Returning to my question I posted here a few years ago . . .
Later on I found a great article on Sunset.com :
The perfect chocolate chip cookie . . . where a paragraph discusses :
What makes cookies soft and chewy?
High moisture content does; so the recipe, baking time, and temperature must be adjusted to retain moisture.
Binding the water in butter, eggs, and brown sugar (it contains molasses, which is 10 percent water) with flour slows its evaporation. The dough needs a little extra flour, which makes it stiffer. The stiff dough spreads less, less liquid evaporates, and the cookies are thicker.
Mass also helps cookies stay moist--big dollops of dough make softer and chewier cookies than tiny spoonfuls of dough. Bake these thick cookies for a shorter time at a high temperature to firm them quickly and minimize spreading. Most important, don't bake them too long--remove from the oven when the cookie rim is brown and at least 1/3 of the center top remains pale. The cooked centers will be soft.
What makes a cookie crisp or crunchy?
Reducing the amount of ingredients that hold moisture--flour, egg, and brown sugar--makes it easy for liquid to evaporate, producing crisp cookies.
So to make a cookie more chewy, from all the info that I've found (including here) . . . . if the amount of flour is kept constant, then I gather you need proportionally . . . :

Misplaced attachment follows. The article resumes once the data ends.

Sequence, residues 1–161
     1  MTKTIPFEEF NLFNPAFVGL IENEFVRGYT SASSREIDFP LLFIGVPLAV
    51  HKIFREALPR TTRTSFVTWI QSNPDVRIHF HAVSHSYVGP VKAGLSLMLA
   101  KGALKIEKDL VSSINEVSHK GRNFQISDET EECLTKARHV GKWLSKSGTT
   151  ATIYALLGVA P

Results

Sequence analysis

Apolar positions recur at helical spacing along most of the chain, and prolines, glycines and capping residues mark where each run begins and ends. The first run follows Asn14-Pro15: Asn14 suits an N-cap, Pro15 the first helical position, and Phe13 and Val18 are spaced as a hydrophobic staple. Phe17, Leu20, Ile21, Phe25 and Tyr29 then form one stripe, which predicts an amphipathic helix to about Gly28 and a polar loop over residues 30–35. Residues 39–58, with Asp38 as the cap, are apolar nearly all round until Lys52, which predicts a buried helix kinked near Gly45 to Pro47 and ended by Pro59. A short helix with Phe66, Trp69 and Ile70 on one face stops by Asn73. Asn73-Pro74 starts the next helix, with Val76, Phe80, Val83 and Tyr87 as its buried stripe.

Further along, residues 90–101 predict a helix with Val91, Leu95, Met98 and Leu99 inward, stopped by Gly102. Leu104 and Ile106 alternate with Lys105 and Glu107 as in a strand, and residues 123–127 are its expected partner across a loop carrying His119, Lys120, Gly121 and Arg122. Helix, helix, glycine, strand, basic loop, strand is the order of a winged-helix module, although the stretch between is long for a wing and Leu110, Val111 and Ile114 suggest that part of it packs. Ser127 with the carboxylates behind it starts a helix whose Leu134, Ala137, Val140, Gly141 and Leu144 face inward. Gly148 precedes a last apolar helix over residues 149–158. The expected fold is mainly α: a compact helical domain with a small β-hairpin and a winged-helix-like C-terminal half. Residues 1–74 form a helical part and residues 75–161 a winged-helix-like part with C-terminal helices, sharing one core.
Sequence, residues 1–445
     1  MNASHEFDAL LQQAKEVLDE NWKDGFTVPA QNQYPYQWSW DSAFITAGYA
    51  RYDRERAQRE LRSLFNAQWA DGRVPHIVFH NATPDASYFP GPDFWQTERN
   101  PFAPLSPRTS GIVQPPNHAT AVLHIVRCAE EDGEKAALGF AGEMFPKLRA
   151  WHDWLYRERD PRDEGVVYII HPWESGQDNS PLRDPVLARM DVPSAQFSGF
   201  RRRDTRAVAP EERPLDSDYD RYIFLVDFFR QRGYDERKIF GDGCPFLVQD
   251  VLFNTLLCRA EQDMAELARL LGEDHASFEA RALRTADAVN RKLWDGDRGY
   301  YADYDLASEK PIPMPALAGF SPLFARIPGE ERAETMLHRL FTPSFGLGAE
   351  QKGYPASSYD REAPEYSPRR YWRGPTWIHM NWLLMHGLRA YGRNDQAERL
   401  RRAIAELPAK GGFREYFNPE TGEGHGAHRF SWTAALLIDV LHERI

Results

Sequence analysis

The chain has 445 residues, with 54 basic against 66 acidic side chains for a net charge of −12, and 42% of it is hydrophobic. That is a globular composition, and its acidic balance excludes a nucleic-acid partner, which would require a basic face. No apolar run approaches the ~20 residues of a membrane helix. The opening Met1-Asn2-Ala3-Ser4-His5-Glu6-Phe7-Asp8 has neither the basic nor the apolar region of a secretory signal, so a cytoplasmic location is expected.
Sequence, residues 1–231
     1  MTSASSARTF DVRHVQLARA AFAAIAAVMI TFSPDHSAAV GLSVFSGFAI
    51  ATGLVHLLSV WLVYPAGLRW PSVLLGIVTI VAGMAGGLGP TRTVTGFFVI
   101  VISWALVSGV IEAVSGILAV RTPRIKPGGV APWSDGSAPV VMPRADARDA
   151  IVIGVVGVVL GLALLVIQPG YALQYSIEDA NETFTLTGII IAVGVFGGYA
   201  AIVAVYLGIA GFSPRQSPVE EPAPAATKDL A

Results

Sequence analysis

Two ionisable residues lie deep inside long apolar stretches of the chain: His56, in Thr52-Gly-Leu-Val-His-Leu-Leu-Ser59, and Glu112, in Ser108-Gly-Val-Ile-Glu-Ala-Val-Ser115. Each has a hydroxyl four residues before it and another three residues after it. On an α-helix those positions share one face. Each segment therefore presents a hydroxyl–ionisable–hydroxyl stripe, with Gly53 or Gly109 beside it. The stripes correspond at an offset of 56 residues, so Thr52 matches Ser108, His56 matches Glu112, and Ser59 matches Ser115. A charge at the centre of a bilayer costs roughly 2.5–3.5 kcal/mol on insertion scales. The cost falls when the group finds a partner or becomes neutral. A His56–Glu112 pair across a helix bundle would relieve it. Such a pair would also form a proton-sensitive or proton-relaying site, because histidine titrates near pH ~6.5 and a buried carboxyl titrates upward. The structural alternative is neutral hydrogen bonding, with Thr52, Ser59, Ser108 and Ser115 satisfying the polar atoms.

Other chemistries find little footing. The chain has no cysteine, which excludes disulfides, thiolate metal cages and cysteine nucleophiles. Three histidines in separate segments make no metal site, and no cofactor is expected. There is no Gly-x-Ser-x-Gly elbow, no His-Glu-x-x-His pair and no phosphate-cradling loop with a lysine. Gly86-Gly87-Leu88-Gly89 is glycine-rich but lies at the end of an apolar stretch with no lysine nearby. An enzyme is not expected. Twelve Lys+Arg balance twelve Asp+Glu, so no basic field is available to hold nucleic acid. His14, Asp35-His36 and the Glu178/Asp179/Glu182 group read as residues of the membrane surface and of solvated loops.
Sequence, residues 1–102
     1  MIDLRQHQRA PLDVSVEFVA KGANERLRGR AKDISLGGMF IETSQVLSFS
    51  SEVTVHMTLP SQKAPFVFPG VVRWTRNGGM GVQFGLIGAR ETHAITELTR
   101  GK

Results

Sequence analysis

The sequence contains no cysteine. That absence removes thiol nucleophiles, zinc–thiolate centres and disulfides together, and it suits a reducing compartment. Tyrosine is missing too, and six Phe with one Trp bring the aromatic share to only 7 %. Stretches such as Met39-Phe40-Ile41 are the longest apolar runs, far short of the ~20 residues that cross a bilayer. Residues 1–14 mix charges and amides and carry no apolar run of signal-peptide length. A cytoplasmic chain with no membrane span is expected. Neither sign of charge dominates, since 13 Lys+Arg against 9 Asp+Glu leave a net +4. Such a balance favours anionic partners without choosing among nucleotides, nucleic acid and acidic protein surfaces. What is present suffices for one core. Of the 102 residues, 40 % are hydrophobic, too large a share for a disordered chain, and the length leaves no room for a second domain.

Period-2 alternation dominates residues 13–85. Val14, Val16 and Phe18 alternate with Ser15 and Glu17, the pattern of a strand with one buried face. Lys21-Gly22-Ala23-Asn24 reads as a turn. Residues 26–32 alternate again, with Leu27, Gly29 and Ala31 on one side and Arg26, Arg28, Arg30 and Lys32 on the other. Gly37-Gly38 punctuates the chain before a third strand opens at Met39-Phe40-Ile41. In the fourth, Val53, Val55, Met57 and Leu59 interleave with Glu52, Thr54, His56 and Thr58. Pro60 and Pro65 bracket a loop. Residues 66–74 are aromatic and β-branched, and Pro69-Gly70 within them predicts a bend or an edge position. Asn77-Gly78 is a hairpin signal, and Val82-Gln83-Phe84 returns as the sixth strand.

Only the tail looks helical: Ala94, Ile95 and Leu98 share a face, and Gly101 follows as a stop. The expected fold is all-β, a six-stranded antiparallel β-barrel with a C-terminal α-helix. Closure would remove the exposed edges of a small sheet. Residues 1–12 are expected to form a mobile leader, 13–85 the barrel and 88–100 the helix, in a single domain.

(And I am not a professional or expert cook by any means, just trying to make sense out of what I've read. If anyone knows better please correct me.)
- more sugar, especially brown sugar. (this is the one thing I notice in all the "chewy" recipes - they all have more brown sugar)
- more eggs (?), or at least extra egg yolk. It seems that more of whole egg will make the cookies both chewy and thicker.
- more gluten development
- slightly less liquid (liquid makes the cookies spread)
However - and this is important - a primary objective is to have the dough retain moisture. But the way to do it is not to just add liquid itself.
- less baking time but higher baking temp
- melting the butter (adding this from the "chocotuile" suggestion below, and from the "The Perfect Chocolate Chip Cookie" article/recipe cited below.
- less fat (although I see some recipes using slightly more. In general more fat creates more internal heat which drives out the moisture, and it also causes the cookies to spread, making them thinner and crispier. )
Maybe someone reading this can clear up some of the ambiguities.
Edited by kbarb - 11/30/11 at 12:47pm